Even before COVID-19 and the supply chain crisis hit, two global tech pioneers were surveying the state of manufacturing, aware that there were problems that had to be addressed quickly.

Manufacturing operations were woefully lacking in real-time visibility. During manufacturing execution, process data could not be automatically captured. Tracking worker safety remained an elusive goal. The absence of an end-to-end perspective meant that it was difficult to understand process effectiveness and make quick, crucial decisions, compromising future planning.

Under these circumstances, continuously and effectively running a manufacturing operation was a challenge – as was providing added value to customers. And during COVID-19, the absence of available shop floor operators only made the situation worse.

Desperately needed was a smart and intuitive solution to execute, monitor, and analyze the end-to-end manufacturing process, starting with planning and extending all the way to inventory. Updates on labor planning and worker safety would have to be provided in real time.

This would particularly benefit servitized industries, in which outcome is now directly related to the revenue situation.

Additionally, the solution would need to be intelligent enough to evaluate data, consider a variety of business scenarios, and propose the best future actions.

A Leading-Edge Alliance

Since 1911, technology and innovation trailblazer IBM had been creating responsive, resilient, next-generation solutions to the challenges of the day. One hundred years and a decade later, that movement still continues.

Now, the company merged forces with the market leader in enterprise application software: SAP.

The two established their first Global Alliance Partnership in 1989. But their relationship dated back to the founding of SAP in 1972 – by five former IBM employees.

In recent years, as customer needs shifted to the cloud, SAP and IBM had been working together to accelerate the digital revolution, using such technologies as machine learning, artificial intelligence (AI), digital twin – virtual representations of physical objects or processes – and Internet of Things (IoT) sensors.

With global lockdowns and associated disruptions impacting the world in the summer of 2020, the two corporations announced the next stage of their alliance, branding it the Evolution Partnership initiative.

The manufacturing effort topped their list.

Informed, Real-Time Decisions

Indeed, the Connected Plant solution created by the two companies would enable real-time manufacturing execution planning and tracking and provide automated reporting of machine and process data.

The innovation could be used to ensure that the proper equipment was being provided and certify both quality inspection and cognitive worker guidance. When defects were detected, a repair order would be automatically generated.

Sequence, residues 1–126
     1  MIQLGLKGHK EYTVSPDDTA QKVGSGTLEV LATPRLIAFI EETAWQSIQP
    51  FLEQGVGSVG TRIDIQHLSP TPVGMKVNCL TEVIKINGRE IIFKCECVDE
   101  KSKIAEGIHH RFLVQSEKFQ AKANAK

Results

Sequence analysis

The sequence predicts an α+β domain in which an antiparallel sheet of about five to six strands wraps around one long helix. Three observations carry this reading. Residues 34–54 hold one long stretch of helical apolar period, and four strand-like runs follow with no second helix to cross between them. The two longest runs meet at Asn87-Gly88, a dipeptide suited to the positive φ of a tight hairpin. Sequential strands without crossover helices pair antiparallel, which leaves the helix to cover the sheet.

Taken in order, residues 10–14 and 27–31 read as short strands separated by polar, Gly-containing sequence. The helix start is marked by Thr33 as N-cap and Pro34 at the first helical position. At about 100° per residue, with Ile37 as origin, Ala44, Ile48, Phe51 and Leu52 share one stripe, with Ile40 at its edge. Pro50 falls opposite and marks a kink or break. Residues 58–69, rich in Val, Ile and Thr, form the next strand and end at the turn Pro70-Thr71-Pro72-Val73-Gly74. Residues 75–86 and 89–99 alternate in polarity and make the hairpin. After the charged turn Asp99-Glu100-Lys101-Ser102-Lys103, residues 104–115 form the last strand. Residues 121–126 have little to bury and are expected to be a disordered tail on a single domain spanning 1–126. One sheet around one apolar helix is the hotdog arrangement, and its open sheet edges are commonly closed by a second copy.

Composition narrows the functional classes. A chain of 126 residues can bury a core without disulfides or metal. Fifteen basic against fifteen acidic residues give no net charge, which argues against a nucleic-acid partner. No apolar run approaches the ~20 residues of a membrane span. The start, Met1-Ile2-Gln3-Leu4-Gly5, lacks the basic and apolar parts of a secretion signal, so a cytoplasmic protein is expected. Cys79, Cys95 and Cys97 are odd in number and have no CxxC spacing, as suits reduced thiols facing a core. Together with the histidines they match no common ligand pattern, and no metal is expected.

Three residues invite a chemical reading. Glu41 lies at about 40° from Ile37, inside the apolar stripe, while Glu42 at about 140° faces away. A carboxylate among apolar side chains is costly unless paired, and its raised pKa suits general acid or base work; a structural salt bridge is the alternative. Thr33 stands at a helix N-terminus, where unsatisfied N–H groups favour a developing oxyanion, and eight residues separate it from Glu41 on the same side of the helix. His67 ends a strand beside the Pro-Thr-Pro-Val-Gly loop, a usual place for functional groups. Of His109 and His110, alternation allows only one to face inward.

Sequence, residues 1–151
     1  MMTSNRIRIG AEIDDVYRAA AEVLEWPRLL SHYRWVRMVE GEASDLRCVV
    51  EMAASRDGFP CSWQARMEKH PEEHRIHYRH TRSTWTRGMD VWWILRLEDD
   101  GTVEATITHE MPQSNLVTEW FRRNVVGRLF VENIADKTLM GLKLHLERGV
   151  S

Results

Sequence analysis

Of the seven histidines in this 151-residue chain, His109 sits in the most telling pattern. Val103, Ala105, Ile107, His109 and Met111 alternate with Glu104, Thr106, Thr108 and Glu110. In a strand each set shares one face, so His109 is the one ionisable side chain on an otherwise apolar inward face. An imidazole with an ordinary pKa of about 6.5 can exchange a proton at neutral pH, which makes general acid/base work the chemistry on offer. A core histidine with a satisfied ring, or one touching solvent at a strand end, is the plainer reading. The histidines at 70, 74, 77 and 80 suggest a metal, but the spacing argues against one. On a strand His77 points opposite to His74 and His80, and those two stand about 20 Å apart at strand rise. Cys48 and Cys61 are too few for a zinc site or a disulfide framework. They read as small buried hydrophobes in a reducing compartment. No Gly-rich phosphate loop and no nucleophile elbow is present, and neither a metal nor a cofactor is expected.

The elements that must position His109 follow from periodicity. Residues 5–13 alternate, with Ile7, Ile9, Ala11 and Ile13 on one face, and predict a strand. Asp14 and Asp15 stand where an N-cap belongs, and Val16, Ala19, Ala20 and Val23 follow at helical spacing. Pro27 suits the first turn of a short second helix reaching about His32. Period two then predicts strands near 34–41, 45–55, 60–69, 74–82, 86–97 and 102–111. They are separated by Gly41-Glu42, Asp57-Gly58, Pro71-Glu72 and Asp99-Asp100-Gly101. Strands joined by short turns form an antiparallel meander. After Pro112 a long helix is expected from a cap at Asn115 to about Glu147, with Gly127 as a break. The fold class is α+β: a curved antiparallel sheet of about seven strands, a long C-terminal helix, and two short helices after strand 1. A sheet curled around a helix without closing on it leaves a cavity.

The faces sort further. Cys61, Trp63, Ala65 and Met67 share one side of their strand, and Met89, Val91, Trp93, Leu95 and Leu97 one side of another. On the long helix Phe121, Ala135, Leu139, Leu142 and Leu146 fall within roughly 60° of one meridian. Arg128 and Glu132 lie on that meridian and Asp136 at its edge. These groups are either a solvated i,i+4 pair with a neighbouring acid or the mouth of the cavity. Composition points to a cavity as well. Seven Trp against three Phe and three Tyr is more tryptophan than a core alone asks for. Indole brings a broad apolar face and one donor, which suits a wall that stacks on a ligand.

From this point forward, guesswork was no longer required to make informed business decisions. Instead, conclusions were based on managers’ instant accessibility to end-to-end analytics and up-to-date key performance indicators (KPIs).

Seamless and Integrated

With the seamlessly integrated manufacturing tool, new possibilities abounded. The Connected Plant solution allowed managers to:

  • View manufacturing and production orders for every shift
  • Ensure that all needed components were available
  • Execute tasks with a few simple words via chatbot
  • Detect deficiencies during quality inspections
  • Confirm assembly and sub-assembly completion

Today, with the world struggling to compensate for supply chain gaps, the Connected Plant platform is being utilized to provide supplies and drive continuous planning across resource networks.

And both SAP and IBM are prepared to revise the solution as business models evolve and processes are reconfigured in areas like energy, natural resource consumption, and emissions management.

“To compete in a highly disruptive and rapidly evolving world, companies require the ability to rewire their organizations to create efficient, automated business processes – applying advanced technologies to transform static, siloed processes into agile, intelligent workflows,” said Mark Foster, IBM Services senior vice president.

As the Connected Plant solution continued to expand the number of tasks it could perform, IBM was honored as a finalist in the 2021 SAP Innovation Awards, a yearly ceremony commemorating organizations using SAP products to transform business and society.

To learn more about IBM’s smart and intuitive solution, be sure to check out its SAP Innovation Awards pitch deck.

Keith E. Greenberg is an SAP global marketing contributor.